ByBen Shapiro

On Thursday morning, two men who accuse a Starbucks manager of calling the police on them because they were black appeared on ABC News’ Good Morning America. On the show, they claimed that they asked a barista for the code to the bathroom and were told they could not have it because they had not yet purchased anything; they then allegedly sat down in the Starbucks while waiting for a business meeting, but were accosted by a manager asking them if they would purchase anything. When they refused, she called the police, who came and arrested them. Part of the arrest was filmed by witnesses inside the Starbucks.

This story has been used by the media as proof positive of widespread American racism, a verifiable incident of racial bias caught on tape. The manager of the store, one Holly, is an “SJW feminist of the highest order,” according to one of my listeners who frequents this Starbucks. Philadelphia is a heavily black city, which means that Holly presumably dealt with black customers routinely (in fact, my listener confirms this, and says she has never seen any racial bias in their treatment by Holly). Holly claims that she has dealt with many people attempting to loiter in the café, and she says that at least one of those people chased her around the store after she asked them to leave.

And here’s the account from the black chief of police of Philadelphia, Richard Ross:

According to employees, they had seen these two males come in, they sat down, and after being seated, they decided that they needed to use the restroom. Starbucks says that according to their company policy, they do not allow non-paying members of the public to come in and use the restroom. They then asked these two males to leave. These two males refuse to leave. … When the police were summoned to the scene they get there and they get this story. … They then approach the males, they ask the males to leave because they’re being asked to leave by Starbucks employees, in fact in an effort to quell the situation, the officers actually called for a supervisor. …Three different occasions, the officers asked the males politely to leave the location. … Instead, the males continued to refuse, as they had told the employees previously, and they told the officers that they were not leaving. When the call was initially made, the Starbucks employees had told the males that they were going to call police, and they said, “Go ahead call the police, we don’t care.” So police get there and they’re confronted by the same kind of attitude, and they’re repeatedly told they’re not leaving.

So, we have conflicting accounts of the event. And we still haven’t heard directly from Holly, who understandably prefers to remain anonymous. We do know that Starbucks hasn’t fired her — they say she no longer works at that location. Unlike a racist situation at Applebee’s in Misssouri back in February, the employee wasn’t canned immediately — and the story can’t be fully verified, as shown by the conflicting statements.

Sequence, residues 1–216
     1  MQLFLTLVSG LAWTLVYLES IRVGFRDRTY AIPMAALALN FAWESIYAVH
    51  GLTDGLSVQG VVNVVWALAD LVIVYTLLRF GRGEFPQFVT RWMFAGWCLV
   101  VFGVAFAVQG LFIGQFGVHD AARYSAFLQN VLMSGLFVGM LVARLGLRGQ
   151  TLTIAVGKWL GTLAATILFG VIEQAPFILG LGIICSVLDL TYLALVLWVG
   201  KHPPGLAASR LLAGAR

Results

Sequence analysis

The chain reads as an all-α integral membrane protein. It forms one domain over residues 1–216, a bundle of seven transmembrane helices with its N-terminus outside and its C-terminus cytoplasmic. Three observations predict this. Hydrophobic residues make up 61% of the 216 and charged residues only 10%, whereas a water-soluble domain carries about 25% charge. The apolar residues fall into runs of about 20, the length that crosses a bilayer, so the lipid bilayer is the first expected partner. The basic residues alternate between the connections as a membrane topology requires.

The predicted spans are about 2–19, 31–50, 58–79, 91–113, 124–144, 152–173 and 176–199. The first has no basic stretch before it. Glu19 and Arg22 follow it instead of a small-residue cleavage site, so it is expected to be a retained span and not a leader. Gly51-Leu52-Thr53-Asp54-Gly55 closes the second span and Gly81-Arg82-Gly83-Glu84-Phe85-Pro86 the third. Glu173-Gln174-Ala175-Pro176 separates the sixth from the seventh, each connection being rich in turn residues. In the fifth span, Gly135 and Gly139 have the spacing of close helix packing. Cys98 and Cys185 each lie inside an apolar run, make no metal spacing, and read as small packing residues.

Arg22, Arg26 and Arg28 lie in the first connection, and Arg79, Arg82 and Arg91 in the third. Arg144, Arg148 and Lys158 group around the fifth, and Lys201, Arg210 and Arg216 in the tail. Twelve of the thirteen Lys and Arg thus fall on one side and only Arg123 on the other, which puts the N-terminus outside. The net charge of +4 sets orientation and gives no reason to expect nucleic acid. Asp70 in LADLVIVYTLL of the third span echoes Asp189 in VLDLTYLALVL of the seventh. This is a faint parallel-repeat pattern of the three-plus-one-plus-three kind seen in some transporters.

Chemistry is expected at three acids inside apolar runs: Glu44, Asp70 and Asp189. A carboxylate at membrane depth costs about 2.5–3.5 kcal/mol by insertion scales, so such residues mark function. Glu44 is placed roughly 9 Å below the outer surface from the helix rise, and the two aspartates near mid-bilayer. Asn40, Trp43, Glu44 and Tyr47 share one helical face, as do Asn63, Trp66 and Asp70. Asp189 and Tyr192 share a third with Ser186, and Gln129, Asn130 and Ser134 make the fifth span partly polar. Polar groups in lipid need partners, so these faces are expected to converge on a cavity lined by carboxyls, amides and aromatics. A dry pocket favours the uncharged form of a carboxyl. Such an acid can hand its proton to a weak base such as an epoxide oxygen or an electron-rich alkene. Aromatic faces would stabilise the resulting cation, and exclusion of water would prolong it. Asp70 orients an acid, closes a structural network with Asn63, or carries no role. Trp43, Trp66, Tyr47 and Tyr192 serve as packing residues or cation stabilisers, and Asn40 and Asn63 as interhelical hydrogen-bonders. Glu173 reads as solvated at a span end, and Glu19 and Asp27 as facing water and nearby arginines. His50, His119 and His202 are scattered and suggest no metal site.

At the very least, then, people should be asking for substantiation of the incident beyond witness testimony, if the possibility of such substantiation exists. Just as everyone should ask for body camera footage of police incidents, we should be asking for footage of other incidents that become major national issues. We’ve seen high profile cases of people talking about their alleged victimization at the hands of racist authorities that have been debunked with the presence of tape (see, e.g., Michael Bennett, who claimed that racist Vegas cops brutalized him for no reason, or the Michael Brown shooting, which was played as a “hands up, don’t shoot” moment by the mainstream media for months despite all evidence to the contrary).

That’s why I asked a simple question on Twitter: did the Starbucks in question have cameras? And if so, why hadn’t we seen the tape of the incident from those cameras, from beginning to end?

As it turns out, there are several cameras at that particular Starbucks:

So Starbucks presumably has video of the entire incident, perhaps from multiple angles. Now, perhaps the reason they’re not releasing tape is because they think doing so is superfluous — it confirms the account of the two men. Or perhaps they’re not releasing the tape because doing so might muddy the waters, and they don’t want the media portraying them as racist for failing to own up to their responsibilities. In any case, it’s not unreasonable to ask for objective confirmation of public events. Nor is it “trutherism” — the tape will show what the tape will show, and if this was indeed an incident of racism, I’m more than happy to say so. The point is that there are already conflicting stories about what happened, so further evidence would be useful.

But it seems that the media have no interest in actually digging down into simple questions like this. Which is somewhat suspicious, particularly as they highlight national calls for boycotts against a chain that employs almost a quarter million people.